Some of the all-time greats suffered their own travails. Did you ever see Trimalchio in West Egg on anybody’s shelf? No—that’s because the publisher prevailed, and F. Scott Fitzgerald agreed to call his masterpiece, The Great Gatsby.
(Anybody else think the trailers to the new movie are over the top? But I digress.)
Maybe you’ve seen Fiesta. But the book we’ve all read is The Sun Also Rises. Again, the publisher prevailed. All I can think is, What a tough job. Can you imagine telling F. Scott Fitzgerald or Ernest Hemingway that their titles sucked?
Mary and I were discussing the ordeal of naming a book recently and, in true MBA fashion, decided to run the numbers. Ordinarily, I assign spreadsheets to the same bucket as root canals.
But hey, I thought, what’s to lose?
Methodology and full disclosure: our universe was limited. We looked at the top fifteen titles on the New York Times Print and eBook Fiction Bestsellers list from February 3 of this year to March 10.
Then, we analyzed titles according to four broad categories: i) number of words, ii) number of syllables, iii) starts with what word, and iv) about what. The last category, about what, probably needs the most explanation. We studied whether bestselling titles referenced characters, emotions, events, places or whether they included numbers.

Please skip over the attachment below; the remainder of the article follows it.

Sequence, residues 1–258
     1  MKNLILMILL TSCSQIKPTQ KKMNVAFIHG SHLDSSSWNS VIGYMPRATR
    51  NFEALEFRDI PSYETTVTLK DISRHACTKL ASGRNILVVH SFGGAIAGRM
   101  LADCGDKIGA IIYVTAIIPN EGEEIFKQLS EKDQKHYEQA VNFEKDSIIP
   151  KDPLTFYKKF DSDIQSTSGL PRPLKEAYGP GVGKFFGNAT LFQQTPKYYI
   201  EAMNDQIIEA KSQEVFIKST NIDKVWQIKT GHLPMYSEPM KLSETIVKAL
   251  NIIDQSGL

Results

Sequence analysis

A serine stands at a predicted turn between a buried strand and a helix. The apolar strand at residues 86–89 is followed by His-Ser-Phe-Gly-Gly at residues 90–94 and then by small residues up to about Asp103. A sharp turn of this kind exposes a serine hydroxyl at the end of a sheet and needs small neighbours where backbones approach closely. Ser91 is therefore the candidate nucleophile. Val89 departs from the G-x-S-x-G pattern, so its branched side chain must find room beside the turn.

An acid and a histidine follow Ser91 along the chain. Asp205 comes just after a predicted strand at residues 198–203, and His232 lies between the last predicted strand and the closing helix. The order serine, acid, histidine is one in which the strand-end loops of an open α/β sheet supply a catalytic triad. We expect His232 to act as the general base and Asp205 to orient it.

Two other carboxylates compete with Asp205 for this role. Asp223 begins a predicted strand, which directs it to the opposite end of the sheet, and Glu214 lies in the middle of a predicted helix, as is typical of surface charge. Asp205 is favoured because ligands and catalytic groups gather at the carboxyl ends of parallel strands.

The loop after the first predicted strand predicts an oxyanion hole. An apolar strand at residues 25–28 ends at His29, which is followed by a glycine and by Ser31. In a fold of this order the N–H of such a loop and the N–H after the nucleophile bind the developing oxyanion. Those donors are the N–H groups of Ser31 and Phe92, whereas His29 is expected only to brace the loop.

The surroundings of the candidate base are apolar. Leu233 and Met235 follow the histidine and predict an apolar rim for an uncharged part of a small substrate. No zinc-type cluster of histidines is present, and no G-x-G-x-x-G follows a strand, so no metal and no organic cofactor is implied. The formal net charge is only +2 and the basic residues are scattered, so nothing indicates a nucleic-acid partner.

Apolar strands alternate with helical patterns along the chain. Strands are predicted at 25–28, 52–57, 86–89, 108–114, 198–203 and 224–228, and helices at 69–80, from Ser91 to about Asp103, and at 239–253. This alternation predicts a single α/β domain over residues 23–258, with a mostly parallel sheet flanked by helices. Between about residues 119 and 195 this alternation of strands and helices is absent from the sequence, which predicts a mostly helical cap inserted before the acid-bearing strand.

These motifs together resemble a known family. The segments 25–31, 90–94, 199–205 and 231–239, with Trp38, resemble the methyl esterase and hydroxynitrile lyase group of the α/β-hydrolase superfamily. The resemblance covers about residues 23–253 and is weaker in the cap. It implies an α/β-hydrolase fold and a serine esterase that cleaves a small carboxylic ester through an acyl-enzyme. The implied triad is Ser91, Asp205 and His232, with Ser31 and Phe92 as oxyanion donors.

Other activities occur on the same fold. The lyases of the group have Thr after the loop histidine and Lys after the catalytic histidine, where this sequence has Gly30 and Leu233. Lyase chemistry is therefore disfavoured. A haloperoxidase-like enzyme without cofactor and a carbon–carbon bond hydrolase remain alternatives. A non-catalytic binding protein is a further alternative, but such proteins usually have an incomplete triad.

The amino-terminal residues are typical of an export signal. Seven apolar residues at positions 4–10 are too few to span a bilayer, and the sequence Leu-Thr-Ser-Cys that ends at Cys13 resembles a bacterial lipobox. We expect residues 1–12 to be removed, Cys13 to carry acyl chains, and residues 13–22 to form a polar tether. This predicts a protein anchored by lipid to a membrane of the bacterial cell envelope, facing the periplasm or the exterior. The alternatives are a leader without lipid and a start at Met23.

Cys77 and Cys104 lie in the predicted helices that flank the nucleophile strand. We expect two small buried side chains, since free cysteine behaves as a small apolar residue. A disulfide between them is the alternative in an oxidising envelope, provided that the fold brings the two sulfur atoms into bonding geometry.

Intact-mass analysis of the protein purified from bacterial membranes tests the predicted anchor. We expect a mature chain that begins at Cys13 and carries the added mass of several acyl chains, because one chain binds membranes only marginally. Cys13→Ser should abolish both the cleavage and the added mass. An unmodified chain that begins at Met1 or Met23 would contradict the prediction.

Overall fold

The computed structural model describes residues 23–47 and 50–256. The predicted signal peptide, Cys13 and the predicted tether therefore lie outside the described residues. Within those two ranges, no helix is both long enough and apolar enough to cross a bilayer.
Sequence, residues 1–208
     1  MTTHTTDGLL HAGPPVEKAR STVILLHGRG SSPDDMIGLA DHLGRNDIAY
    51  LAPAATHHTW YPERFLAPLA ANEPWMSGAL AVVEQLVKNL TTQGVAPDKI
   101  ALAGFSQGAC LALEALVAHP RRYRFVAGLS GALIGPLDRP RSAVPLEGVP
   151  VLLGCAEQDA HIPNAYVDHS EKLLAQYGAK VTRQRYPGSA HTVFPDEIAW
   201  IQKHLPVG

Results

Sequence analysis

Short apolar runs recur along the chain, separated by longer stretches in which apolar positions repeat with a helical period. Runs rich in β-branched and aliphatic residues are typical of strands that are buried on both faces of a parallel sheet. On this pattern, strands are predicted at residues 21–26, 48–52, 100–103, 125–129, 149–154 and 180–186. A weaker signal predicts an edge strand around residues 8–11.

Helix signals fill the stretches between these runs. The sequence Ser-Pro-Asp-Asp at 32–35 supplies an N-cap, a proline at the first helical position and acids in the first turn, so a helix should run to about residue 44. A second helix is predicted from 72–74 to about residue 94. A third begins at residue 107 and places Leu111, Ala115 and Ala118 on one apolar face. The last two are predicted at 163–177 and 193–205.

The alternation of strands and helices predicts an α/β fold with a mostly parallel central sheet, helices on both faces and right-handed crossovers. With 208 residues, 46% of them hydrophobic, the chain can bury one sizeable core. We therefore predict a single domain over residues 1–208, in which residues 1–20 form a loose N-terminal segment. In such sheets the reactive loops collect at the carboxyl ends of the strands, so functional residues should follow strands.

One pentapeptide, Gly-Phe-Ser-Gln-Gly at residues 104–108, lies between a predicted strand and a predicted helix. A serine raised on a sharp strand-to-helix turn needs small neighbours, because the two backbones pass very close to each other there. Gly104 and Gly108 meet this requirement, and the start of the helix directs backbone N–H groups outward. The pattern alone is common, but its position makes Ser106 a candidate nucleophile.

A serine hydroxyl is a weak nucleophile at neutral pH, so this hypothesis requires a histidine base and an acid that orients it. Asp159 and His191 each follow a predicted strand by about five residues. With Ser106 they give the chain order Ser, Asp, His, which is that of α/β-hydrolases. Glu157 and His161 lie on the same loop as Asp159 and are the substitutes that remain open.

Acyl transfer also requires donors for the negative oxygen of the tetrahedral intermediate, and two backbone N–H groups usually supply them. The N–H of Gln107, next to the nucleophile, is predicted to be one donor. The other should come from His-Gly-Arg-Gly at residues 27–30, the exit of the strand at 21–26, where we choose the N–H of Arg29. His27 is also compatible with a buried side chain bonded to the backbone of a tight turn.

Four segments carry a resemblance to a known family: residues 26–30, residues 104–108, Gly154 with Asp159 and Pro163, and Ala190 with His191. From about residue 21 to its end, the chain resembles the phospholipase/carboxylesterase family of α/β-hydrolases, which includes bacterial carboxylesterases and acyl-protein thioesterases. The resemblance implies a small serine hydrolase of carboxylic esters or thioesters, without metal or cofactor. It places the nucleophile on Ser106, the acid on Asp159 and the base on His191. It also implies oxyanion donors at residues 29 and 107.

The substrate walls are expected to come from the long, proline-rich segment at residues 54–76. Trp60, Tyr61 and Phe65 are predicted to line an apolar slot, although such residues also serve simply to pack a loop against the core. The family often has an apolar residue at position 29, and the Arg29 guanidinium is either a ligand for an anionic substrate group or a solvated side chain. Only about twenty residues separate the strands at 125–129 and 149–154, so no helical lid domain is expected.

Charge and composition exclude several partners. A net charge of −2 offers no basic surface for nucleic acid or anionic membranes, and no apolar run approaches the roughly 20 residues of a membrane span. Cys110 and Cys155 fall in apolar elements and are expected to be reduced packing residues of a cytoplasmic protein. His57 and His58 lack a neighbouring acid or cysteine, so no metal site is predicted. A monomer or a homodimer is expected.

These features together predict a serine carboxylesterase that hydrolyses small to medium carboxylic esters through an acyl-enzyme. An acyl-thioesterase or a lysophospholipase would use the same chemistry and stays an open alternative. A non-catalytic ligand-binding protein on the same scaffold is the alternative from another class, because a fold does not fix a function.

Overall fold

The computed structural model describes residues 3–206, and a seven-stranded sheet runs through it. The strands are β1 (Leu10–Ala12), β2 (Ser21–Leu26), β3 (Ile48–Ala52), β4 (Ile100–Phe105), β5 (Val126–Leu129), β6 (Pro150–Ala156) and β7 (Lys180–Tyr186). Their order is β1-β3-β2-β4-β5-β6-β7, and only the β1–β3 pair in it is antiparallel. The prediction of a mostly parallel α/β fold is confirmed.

Mary and I also learned that an MBA is the wrong degree to conjure up a great title. Spreadsheets don’t cut it. What we really need is somebody from Silicon Valley to code a Title Maker app similar to all those random name generators.
I’m sorry. To really appreciate this story, it’s necessary to read: Part One: Will You Shut Up?
Are We There Yet?
Personally, I find serial posts annoying. I want gratification. I want it now. And I find the cliffhangers annoying because they make me wait. But this story is best told in two parts.
Maybe you’re okay with serial posts? Please tell me what you think: annoying or the reasonable consequence of an on-line world where most people lose interest after 500 words?
There’s Something About Rich
It was that time of year again. Montanarama! In my previous life as a stockbroker, I worked on a team that hosted a fly-fishing event every June. We invited a few clients, never more than ten, to join us in small cattle town named Big Timber.
I was telling our guests and guides my story about Rich’s misadventures. As you may recall from Part One, Rich was a business legend. He was tallish, athletic, and in his mid sixties. He had a rangy look about him, perhaps because he arrived in an Orvis fishing vest with a thousand pockets, the kind of gear that says, “I’m trying too hard.”